Most People Don’t Know What to Do When They Discover Substance Use in Their Family. We Are Here to Help. Start Here

Get One-on-one Help to Address Your Loved Ones or Your Substance Use

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Frequently Asked Questions
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Whether you are a parent, grandparent, aunt, uncle, sibling or other caregiver — our Helpline is here for you and anyone else playing a supportive role in the life of a young person struggling with drug or alcohol use.

Our trained and caring specialists are ready to listen, help you find answers and make an action plan to help your loved one.
You can connect in the following ways, with support available in English and Spanish:

  • Text a Message to 614 -956-8392
  • Send an Email bhealthcareclinics@outlook.com
  • Call 1-614-505-3126

Our specialists will listen to your story — the challenges, setbacks, obstacles and difficult emotions that go along with substance use. There is no one-size-fits-all approach and each individual is unique; they’ll propose a personalized course of action, offering the best tools and resources to help you help your child, yourself and your family.

All communications are confidential and services provided free of charge, with the exception of any messaging or data rates accrued via text message.

Text a Message to 614-9568392
Send a text message to 614-9568392

to begin getting personalized help. Our specialists will get back to you within 24-48 hours with a text message response. To allow our specialists to provide the best help possible, please include as many details as possible in your message, such as:

  • Your age
  • The primary drug you’re concerned about
  • Whether or not you have been to or sought treatment
  • Any questions you may have

Send an Email

Complete this contact form to begin getting personalized help over email. Our specialists will get back to you within 24-48 hours with an emailed response. To allow our specialists to provide the best help possible, please include as many details as possible in your message, such as:

  • Your age
  • The primary drug you’re concerned about
  • Whether or not you have been to or sought treatment
  • Any questions you may have

Call 614-505-3126 or Schedule a Callback Time

Speak with one of our specialists to ask questions about the best ways to get help for your son, daughter or another young person in your life.

  • Monday-Friday, 9am – 6 pm ET
  • Saturday & Sunday, 12pm – 5pm ET
  • If a specialist is unavailable or you prefer to make an appointment, please follow the prompts to schedule a callback time

You can also connect with our Helpline Specialists using Facebook Messenger. Simply “Like” our page and click “Send a Message” to get started.

Our Helpline is not a crisis hotline. If you are in need of immediate or emergency services, please call 911 or a 24-hour crisis hotline such as the National Suicide Prevention Lifeline 1-800-273-TALK (8255) or the National Domestic Violence hotline 1-800-799-SAFE (7233).

Medication-Assisted Treatment for Opioid Addiction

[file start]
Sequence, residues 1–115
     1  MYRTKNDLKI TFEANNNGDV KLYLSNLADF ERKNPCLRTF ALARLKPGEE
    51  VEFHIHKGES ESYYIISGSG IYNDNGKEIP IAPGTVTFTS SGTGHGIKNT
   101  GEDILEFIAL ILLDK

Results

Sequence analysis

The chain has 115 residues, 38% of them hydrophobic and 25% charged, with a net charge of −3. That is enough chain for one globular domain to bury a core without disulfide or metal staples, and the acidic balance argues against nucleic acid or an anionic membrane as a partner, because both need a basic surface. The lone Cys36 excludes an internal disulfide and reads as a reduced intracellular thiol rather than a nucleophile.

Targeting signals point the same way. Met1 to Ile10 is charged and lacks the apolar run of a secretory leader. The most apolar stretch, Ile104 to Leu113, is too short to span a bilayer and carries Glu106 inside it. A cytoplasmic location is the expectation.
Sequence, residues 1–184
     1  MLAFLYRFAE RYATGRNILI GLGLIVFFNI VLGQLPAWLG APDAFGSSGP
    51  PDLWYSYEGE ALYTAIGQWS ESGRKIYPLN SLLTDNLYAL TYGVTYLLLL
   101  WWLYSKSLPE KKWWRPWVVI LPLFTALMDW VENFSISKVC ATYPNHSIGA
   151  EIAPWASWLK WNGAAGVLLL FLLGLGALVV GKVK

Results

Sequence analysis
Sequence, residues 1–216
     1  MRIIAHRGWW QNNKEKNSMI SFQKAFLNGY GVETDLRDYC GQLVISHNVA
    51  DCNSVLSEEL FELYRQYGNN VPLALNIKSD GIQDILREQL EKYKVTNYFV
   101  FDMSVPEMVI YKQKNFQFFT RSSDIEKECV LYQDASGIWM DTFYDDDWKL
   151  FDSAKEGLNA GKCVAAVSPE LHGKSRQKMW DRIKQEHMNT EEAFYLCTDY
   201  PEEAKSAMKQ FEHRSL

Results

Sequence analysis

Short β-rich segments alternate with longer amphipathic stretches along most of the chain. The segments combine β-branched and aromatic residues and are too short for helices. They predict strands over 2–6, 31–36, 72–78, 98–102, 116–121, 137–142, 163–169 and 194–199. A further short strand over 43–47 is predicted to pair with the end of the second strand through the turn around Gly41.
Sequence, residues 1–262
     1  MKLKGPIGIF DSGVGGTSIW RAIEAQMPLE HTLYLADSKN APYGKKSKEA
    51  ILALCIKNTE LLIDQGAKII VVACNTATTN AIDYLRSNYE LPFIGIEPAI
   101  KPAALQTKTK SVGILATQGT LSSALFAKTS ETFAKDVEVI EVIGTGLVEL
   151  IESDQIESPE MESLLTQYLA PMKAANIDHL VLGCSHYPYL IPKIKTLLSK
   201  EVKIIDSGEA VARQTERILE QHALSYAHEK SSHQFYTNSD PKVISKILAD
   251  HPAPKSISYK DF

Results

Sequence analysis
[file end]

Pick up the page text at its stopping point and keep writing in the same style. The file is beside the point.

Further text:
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Understanding Opioid Addiction
How MAT Can Help Opioid Addiction
Misunderstandings About MAT

Medication-assisted treatment can help you and/or your loved ones overcome his or her opioid addiction. Learn more about what it is, how it works and if it could work for your family.

Are you or your loved one addicted to opioids?

Opioids include prescription painkillers like OxyContin, Percocet and Vicodin as well as the illicit drug heroin and synthetics like Fentanyl, and are a group of drugs known for high risks of dependence and addiction.

Medication-assisted treatment is the use of anti-craving medicine such as naltrexone (Vivitrol), buprenorphine (Suboxone) or methadone — along with comprehensive therapy and support — to help address issues related to opioid dependence, including withdrawal, cravings and relapse prevention. Evidenced-based treatment approaches like this are often needed to successfully overcome addiction and maintain long-term recovery.

“With a strong motivated family, a treatment system that sees to medication and psychiatric care and social supports, there is tremendous hope — no child has to be lost.”

Dr. John Knight, Director of the Center for Adolescent Substance Abuse Research at Boston Children’s Hospital

Understanding Opioid Addiction

Many teens and young adults first use opioids when they are prescribed them following an injury or routine procedure like the removal of wisdom teeth. Common prescription opioids include Codeine (for example, Tylenol with Codeine), Fentanyl, Hydrocodone (Vicodin or Lorcet), Morphine and Oxycodone (Percocet or OxyContin).

For a variety of reasons — to party and get high, or to cope with stress — some teens and young adults intentionally misuse opioids. The vast majority of those misusing prescription drugs are getting them from the medicine cabinets of friends, family and acquaintances. Some young people start misusing prescription opioids and then switch to heroin as it becomes cheaper or easier to acquire.

Opioid use and misuse can create brain changes that lead to addiction. A person who is addicted develops an overpowering urge, or craving, for the drug. The person also experiences a loss of control, making it more difficult to refuse the drug, even when use becomes harmful. Most people who are addicted to opioids cannot taper off (use less of the drug over time) without help.

“We all think, ‘Why can’t these people just stop?’ and it’s not like that,” explains Dr. Alicia Murray, a psychiatrist specializing in addiction. “They’re not the same person once they become dependent on drugs. They’re a different person. They can’t get to those same skills that they once could get to. Because their brain is now rewired. It’s only thinking about the drug.”